MInTheGap

Standing in the Gap in a Society that's Warring with God.

Science and God

March 5th, 2008 Visited 1852 times, 1 so far today

marbles

One of the interesting this to me in the whole Creation/Evolution argument is the belief that somehow science is the answer to everything and is the expert on everything. Science, it seems, can tell you both if there’s a God and what happened throughout time, and it should never be questioned.

The strange thing is that this is exactly the opposite of what science is all about.

As any good high school student knows, the foundation of science rests on testable hypothesis. Science is trying to reproduce testable things. They make a prediction and then test to see whether their prediction comes true.

The problem with the supernatural is that outside it’s outside the realm of Science’s ability to test. God doesn’t like to be tested, and though He has occasionally done something to show His power, He’s not into doing something in a repeated fashion just to please scientists.

Now, scientists could stop right there and say that since God is Creator and Controller of all things, they need not explore the world or seek any other reason for how things happen. But God did give us the world to explore and to dominate.

The problem is when the scientist leaves the realm of how and enters the world of why.

You see, science cannot prove there is or is not a God, but seeks to explain things in rational, testable ways. When it tries to test the supernatural, or when it seeks to explain the historical it’s out of its realm.

Dating methods have been calibrated with known historical texts. Science has to continually refine theories to explain what is happening. When the meteorologist comes on the television to tell you that it will rain, snow or be sunny, we all know that they do a decent job, but they aren’t tremendously accurate unless it’s obvious.

So why do we trust these people that have a problem using tools to predict the future with exactly how things worked in the past? Why don’t we not go by what we wrote down about what happened last year, but use science to extrapolate what happened?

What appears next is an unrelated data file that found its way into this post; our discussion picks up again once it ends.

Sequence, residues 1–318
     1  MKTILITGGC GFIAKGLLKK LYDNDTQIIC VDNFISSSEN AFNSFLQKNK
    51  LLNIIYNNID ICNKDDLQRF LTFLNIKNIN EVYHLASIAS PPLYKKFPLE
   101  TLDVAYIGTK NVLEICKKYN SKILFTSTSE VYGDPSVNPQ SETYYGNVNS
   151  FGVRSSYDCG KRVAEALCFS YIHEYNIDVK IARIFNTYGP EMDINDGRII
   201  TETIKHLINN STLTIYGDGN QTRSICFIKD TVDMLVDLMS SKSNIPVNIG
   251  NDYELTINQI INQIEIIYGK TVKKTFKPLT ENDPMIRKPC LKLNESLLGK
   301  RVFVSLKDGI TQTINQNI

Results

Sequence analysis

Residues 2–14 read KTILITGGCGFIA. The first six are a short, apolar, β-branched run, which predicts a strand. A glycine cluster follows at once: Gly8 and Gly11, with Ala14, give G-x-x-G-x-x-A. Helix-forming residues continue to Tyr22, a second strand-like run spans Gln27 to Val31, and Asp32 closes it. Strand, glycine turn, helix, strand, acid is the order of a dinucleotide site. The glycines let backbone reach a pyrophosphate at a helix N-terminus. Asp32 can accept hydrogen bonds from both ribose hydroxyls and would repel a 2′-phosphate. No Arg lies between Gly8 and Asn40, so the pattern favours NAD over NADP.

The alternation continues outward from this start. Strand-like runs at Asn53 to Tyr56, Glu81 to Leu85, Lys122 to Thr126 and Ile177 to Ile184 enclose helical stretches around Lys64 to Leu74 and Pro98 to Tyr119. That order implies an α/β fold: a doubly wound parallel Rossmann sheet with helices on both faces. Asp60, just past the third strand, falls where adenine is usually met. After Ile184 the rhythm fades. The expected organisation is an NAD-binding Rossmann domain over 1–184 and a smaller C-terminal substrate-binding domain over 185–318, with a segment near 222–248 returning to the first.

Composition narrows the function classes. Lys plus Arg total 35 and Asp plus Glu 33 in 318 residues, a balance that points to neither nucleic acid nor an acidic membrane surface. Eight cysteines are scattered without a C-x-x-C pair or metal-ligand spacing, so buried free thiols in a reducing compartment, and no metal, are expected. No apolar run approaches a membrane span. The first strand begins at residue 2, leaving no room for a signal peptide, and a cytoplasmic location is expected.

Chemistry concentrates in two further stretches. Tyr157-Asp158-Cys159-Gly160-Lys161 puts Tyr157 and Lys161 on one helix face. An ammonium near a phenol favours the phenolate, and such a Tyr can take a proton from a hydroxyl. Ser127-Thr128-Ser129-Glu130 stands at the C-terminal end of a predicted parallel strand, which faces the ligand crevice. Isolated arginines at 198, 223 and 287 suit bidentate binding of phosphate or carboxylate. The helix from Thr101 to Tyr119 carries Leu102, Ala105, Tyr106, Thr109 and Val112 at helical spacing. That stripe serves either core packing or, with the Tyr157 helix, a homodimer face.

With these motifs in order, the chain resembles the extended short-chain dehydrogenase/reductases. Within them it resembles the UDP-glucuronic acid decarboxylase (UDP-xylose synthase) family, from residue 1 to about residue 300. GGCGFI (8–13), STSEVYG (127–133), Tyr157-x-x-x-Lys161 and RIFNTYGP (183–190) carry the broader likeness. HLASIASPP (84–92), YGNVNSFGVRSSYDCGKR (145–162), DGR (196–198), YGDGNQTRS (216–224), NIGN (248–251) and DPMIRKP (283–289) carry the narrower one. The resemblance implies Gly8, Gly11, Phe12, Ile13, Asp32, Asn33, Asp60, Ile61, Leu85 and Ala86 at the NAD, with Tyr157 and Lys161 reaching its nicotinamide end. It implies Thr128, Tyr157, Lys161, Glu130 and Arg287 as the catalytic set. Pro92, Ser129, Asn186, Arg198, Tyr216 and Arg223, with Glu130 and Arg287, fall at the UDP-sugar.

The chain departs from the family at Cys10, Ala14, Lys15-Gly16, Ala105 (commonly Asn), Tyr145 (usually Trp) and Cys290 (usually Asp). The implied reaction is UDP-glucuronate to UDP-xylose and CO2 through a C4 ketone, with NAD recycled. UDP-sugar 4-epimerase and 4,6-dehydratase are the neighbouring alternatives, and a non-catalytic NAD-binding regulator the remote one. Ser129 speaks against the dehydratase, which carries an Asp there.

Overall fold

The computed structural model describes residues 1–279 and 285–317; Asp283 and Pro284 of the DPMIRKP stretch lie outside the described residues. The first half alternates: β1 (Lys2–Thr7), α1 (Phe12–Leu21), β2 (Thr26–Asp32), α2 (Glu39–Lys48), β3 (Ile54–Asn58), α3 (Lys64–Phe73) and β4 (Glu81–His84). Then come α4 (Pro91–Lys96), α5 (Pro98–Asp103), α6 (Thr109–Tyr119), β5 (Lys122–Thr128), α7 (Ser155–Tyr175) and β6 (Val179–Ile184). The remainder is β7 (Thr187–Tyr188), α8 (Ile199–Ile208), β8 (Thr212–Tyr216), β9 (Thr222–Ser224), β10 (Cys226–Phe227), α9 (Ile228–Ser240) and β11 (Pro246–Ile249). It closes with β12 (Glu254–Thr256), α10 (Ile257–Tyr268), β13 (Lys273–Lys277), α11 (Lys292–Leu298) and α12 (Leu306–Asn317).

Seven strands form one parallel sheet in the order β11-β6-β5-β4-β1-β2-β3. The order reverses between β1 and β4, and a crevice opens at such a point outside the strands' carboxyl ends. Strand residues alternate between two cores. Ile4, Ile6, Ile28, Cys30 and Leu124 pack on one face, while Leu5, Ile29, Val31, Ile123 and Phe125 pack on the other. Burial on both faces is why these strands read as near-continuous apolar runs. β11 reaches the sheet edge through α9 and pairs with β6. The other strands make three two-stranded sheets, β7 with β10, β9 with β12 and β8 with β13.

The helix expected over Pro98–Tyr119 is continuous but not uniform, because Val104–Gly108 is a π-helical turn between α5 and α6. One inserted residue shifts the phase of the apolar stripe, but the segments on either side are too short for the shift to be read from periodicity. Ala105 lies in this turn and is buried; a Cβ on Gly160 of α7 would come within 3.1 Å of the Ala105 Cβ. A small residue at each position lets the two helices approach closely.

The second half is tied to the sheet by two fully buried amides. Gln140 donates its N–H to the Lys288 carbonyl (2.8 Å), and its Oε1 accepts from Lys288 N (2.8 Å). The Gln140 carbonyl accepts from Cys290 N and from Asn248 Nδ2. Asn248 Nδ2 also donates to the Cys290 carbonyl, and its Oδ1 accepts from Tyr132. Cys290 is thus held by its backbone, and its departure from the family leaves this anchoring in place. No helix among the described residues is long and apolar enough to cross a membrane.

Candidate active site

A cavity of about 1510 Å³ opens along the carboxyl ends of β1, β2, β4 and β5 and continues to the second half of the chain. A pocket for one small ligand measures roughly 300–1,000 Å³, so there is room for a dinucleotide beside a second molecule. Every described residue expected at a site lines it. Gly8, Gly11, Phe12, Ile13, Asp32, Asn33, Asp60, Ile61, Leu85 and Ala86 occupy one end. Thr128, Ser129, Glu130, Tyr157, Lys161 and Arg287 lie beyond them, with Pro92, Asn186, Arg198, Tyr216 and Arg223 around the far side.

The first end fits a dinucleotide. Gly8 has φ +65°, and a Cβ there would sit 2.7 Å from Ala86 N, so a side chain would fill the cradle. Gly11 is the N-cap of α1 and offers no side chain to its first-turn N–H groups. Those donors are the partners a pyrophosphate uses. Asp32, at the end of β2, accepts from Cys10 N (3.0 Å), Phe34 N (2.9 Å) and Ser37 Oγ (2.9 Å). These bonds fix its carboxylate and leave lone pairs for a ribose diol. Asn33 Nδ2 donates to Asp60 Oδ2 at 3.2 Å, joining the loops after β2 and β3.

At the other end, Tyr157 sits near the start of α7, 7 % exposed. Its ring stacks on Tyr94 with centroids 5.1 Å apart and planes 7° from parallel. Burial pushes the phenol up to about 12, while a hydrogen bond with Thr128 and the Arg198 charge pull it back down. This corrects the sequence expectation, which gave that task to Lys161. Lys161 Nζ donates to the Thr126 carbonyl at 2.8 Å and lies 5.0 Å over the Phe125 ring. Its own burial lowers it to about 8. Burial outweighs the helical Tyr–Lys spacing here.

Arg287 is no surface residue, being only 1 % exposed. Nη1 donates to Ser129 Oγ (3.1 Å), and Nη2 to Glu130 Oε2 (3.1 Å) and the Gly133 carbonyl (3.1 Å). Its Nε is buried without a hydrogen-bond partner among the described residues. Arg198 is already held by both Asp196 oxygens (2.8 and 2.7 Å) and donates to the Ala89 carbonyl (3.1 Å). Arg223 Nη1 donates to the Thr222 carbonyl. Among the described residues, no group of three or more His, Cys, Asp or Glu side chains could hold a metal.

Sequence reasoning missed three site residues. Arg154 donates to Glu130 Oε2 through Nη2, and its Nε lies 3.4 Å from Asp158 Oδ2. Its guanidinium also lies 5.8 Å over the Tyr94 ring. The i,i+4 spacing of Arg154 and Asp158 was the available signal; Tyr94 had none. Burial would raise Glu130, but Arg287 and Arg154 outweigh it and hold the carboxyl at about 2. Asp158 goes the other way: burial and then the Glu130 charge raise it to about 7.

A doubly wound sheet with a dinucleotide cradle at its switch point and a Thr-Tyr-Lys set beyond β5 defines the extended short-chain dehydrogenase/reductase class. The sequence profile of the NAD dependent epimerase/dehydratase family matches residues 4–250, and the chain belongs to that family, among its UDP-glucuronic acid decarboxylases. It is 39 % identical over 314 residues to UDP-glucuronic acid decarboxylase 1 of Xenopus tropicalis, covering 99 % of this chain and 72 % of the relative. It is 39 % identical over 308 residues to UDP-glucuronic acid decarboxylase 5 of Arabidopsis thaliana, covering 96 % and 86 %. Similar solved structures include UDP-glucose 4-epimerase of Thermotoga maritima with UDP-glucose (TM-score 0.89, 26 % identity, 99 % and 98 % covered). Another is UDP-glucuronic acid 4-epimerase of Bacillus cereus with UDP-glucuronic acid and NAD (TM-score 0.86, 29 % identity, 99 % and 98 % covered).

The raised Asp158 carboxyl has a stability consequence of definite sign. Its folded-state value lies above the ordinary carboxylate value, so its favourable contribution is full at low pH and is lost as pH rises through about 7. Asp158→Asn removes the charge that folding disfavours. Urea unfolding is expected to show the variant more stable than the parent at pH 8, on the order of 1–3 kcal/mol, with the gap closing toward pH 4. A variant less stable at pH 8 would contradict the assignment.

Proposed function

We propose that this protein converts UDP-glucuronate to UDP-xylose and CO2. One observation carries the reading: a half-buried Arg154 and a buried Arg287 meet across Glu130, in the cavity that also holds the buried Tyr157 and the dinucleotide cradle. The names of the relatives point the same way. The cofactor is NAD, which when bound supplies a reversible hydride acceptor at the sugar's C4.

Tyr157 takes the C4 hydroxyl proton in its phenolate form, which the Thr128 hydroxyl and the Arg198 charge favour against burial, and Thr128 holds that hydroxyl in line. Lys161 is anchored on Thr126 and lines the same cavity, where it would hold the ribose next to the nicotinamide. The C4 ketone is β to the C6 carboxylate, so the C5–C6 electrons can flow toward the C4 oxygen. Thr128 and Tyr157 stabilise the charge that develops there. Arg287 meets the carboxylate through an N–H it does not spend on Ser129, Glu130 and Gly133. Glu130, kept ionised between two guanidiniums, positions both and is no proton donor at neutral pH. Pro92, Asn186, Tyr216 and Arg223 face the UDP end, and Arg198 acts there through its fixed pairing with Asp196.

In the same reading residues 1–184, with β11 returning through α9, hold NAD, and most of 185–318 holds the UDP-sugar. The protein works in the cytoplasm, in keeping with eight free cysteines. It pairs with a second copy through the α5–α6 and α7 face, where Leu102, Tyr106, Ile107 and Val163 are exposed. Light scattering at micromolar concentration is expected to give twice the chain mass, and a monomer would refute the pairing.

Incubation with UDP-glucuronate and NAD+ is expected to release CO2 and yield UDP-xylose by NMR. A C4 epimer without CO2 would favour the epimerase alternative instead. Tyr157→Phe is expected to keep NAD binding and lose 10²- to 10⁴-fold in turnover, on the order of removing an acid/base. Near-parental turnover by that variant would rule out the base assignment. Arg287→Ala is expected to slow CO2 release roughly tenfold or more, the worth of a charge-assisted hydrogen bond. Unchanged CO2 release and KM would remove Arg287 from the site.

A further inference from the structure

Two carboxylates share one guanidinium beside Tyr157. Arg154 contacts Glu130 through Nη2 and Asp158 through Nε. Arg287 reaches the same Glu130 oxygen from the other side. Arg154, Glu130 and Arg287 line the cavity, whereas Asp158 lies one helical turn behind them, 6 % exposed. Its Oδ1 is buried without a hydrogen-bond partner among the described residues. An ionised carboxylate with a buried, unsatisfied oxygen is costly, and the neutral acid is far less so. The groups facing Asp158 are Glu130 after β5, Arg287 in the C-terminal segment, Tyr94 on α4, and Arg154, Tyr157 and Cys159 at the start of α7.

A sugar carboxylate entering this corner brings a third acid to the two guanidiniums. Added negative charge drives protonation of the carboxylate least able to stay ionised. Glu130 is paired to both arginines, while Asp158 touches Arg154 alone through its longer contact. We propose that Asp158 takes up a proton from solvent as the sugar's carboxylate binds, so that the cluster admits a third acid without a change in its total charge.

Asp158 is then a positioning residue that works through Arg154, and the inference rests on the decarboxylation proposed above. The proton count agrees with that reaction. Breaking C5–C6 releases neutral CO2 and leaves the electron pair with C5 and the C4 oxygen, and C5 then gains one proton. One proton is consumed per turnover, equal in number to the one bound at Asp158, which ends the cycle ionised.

It doesn’t work that way. We need science to stay in its realm and let history and the supernatural stay in theirs.

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  • Mrs. Brigham says on: March 5, 2008 at 9:53 am

     

    Very interesting post, Min. Such thoughts have been on my mind quite a bit lately.

    I do think to a certain extent science is an interesting way to explore and understand God’s Creation, and in many ways, scientific exploration can prove the existence of a Creator, though not in a more abstract way. Take a small grain of some kind, for example. When this little grain has been studied, we have learned about the important design of several parts that make up the grain, give it it’s life, and protect this life until the grain is ready to be planted & sprouted. As it this interesting design were not amazing enough, grains can grow in nearly every climate on earth, provide wonderful nutrition for humans and animals, and many grains can be dormant for many, many years and still sprout when planted. Although science will never focus of this, but how could such a perfect design come to be on it’s own? ;o)

    Also important to note is the fact that science not only attempts to muddle it’s waters with the supernatural and historical, but also the philosophical–Darwin’s theories would be an excellent example of this. His philosophies were expounded *before* scientific testing had been done, and as his theories spread throughout the thinking minds of his day, people began to look for proof of his theories. Scientists who seek to explore and prove Intelligent Design work in a similar way, and are starting from their philosophical/religious views, and likely worldview, rather than proper scientific method.